“Here was a case of people doing harm to themselves on government orders, because there was no voice in society saying, This Is Wrong”
Earlier this year I recorded a podcast with the award-winning journalist Anjan Sundaram. We discussed his wonderful book Bad News: Last Journalists in a Dictatorship, an account of the extinction of press freedom in Rwanda.
This week the podcast and an edited transcript of part of the discussion was posted in the PEN Atlas section of the English PEN website. You can listen to it on SoundCloud or via the player below. Continue reading “Podcast: Anjan Sundaram – Bad News”
British poets can show solidarity with embattled writers while developing their own creative practice
My colleague Cat Lucas and I sat down with Paul McMenemy, editor of the Lunar Poetry Magazine, to tell their podcast listeners about the work of English PEN. We discussed imprisoned Saudi poet Ashraf Fayad, how blogging is the 21st century version of pamphleteering, and how British poets might show solidarity with embattled writers while developing their own creative practice at the same time.
You can listen on the Lunar Poetry website, via YouTube or judt hit the play button on the embedded podcast below. Continue reading “Talking Free Speech and Literature Across Borders with Lunar Poetry”
Campaigners will not succeed in changing minds and changing students’ union policies unless they better understand why anti-free speech policies have developed, and until they offer students alternatives to the banning of offensive speech.
Commissioned by and first published on the Free Word Centre blog
In recent months there has been a great deal of discussion and debate on the subject of free speech at universities. The Rhodes Must Fall campaign at Oxford, and the protests over controversial speakers like Germaine Greer and Julie Bindel, have kept the issue in the headlines, and the publication of Sp!ked Magazine’s Free Speech University Rankings seems to have emboldened free speech advocates to push back against campus censorship. A new campaign, Right2Debate, targets the National Union of Students (NUS) and its No Platform policies that prevent controversial speaker events from going ahead.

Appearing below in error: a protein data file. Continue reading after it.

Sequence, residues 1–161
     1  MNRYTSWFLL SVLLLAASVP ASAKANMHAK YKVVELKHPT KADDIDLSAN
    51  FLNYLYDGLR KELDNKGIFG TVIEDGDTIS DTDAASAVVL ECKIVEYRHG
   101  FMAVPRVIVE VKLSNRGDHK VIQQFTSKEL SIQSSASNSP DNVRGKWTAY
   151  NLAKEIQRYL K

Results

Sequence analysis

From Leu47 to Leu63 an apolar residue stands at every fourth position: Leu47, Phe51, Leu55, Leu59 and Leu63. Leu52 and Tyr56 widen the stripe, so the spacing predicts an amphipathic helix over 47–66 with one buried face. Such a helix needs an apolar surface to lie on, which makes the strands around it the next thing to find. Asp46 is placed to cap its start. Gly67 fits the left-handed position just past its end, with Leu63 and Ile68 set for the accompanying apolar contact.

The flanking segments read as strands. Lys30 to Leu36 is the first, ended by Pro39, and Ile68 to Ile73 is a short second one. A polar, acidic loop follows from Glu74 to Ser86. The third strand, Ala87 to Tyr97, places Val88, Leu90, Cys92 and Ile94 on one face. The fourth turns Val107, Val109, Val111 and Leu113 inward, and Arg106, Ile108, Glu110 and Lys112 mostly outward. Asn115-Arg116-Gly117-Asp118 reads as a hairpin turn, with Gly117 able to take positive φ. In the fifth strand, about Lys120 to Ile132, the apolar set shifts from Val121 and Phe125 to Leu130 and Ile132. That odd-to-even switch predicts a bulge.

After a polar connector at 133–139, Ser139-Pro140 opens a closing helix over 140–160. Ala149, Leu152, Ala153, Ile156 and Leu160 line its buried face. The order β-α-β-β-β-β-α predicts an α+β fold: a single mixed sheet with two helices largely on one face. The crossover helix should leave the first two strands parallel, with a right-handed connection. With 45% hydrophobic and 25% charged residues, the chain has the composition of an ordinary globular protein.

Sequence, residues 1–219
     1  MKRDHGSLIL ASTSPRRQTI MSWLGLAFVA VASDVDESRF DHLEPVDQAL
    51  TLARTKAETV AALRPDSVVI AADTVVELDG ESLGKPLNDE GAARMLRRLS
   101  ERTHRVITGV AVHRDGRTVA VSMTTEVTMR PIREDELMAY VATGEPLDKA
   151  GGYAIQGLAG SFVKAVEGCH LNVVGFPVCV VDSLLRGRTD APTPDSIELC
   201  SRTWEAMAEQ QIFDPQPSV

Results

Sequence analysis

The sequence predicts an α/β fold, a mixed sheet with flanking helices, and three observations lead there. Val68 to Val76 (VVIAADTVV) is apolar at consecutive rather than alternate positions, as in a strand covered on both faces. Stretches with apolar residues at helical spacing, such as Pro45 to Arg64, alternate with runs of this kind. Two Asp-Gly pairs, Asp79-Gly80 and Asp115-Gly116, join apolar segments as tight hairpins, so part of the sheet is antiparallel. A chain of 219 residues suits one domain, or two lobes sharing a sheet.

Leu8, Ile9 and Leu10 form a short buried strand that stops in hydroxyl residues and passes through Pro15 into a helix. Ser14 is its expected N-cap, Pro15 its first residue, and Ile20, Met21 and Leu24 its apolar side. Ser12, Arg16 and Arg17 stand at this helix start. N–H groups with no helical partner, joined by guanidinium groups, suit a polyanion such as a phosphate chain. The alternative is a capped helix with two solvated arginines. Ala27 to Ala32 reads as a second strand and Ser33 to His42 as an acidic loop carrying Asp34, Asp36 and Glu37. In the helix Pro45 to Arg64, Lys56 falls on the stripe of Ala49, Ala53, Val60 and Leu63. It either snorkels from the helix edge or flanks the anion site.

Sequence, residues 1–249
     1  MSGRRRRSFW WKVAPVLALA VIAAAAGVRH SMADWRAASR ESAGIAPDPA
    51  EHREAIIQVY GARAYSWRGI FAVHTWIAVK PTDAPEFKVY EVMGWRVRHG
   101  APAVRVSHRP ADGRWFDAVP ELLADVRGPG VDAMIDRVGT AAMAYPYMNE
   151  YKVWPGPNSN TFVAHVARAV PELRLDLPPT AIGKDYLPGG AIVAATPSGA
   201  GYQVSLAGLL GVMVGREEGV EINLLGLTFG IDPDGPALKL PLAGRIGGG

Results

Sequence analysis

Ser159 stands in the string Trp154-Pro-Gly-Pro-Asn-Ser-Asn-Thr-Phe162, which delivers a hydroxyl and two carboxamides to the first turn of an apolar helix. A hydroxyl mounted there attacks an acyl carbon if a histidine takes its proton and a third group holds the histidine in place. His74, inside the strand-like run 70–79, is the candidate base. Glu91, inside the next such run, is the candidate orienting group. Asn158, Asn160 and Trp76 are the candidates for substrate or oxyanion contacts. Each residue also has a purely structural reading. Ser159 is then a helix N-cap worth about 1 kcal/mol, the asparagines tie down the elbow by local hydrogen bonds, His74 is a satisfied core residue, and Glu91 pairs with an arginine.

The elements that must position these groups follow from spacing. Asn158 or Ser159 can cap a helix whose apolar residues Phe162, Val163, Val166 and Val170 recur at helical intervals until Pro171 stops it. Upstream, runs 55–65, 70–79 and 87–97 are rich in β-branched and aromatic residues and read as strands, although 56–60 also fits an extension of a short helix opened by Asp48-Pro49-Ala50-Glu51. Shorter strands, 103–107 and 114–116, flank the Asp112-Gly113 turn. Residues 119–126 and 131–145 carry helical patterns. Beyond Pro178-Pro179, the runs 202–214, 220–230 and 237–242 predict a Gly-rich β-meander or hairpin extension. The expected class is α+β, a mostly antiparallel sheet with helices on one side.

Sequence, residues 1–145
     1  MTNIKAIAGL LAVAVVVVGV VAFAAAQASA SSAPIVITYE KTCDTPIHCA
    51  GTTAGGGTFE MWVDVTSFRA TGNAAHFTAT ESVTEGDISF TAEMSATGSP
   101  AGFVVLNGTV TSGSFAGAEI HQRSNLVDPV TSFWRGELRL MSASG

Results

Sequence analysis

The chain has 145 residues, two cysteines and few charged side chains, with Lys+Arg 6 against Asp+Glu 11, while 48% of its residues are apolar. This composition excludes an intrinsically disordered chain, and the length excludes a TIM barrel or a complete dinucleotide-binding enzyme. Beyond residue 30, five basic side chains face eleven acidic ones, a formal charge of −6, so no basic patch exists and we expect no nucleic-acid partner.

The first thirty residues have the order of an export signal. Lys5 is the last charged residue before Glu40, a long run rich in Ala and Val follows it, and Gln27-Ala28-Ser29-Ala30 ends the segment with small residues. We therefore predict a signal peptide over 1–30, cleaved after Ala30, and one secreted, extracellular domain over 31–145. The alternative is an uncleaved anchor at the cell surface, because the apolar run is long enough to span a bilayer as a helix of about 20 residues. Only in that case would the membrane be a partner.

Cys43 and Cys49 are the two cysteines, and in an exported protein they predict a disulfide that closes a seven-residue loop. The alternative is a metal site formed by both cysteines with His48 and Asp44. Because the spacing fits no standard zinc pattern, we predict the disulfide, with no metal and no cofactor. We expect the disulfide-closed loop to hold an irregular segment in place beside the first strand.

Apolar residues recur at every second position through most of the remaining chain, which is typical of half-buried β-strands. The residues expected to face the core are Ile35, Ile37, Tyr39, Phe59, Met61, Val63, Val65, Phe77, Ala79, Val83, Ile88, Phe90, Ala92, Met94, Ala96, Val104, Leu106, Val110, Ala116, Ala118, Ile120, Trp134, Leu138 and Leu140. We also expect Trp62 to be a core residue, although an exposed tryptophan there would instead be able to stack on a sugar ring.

As a campaigner with English PEN, I support the campaigns to expand free speech at universities. But in recent weeks I have become increasingly frustrated with the way the debate is evolving. Each side talks over the other, and some of the fundamental questions at the heart of the issue remain unresolved. Campaigners will not succeed in changing minds and changing students’ union policies unless they better understand why anti-free speech policies have developed, and until they offer students alternatives to the banning of offensive speech. Continue reading “Briefing Notes: Free Speech at Universities”
Solidarity and activism is not the only outcome of this writing—the cultural conversation is being advanced too
During my time working for English PEN I’ve often used the phrase ‘literary campaigning’ to describe our particular style of activism. Its a term that probably seems self evident: we use literature to draw attention to the situation of writers at risk. For example, we might read the writing of an imprisoned poet outside an embassy, or stage a world-wide reading at multiple locations around the world.
Its an approach that has value for several reasons. Not only is it non-violent, but it is also not particularly hostile or antagonistic to those who have imprisoned the writer or who are responsible for their persecution. So it has a diplomatic quality.
It also a fantastic act of solidarity for the embattled writer. Where they have been entirely censored through imprisonment (or even death) it is a way to give them a voice and restore to them some sort of expression. Continue reading “Literary Campaigning at its Best”
In an Atlantic article about the prohibition of anti-Zionist views at American Universities, this:
One letter signed by more than 130 UC faculty members supported naming anti-Zionism as an expression of anti-Semitism, saying students need guidance on “when healthy political debate crosses the line into anti-Jewish hatred, bigotry and discrimination, and when legitimate criticism of Israel devolves into denying Israel’s right to exist.”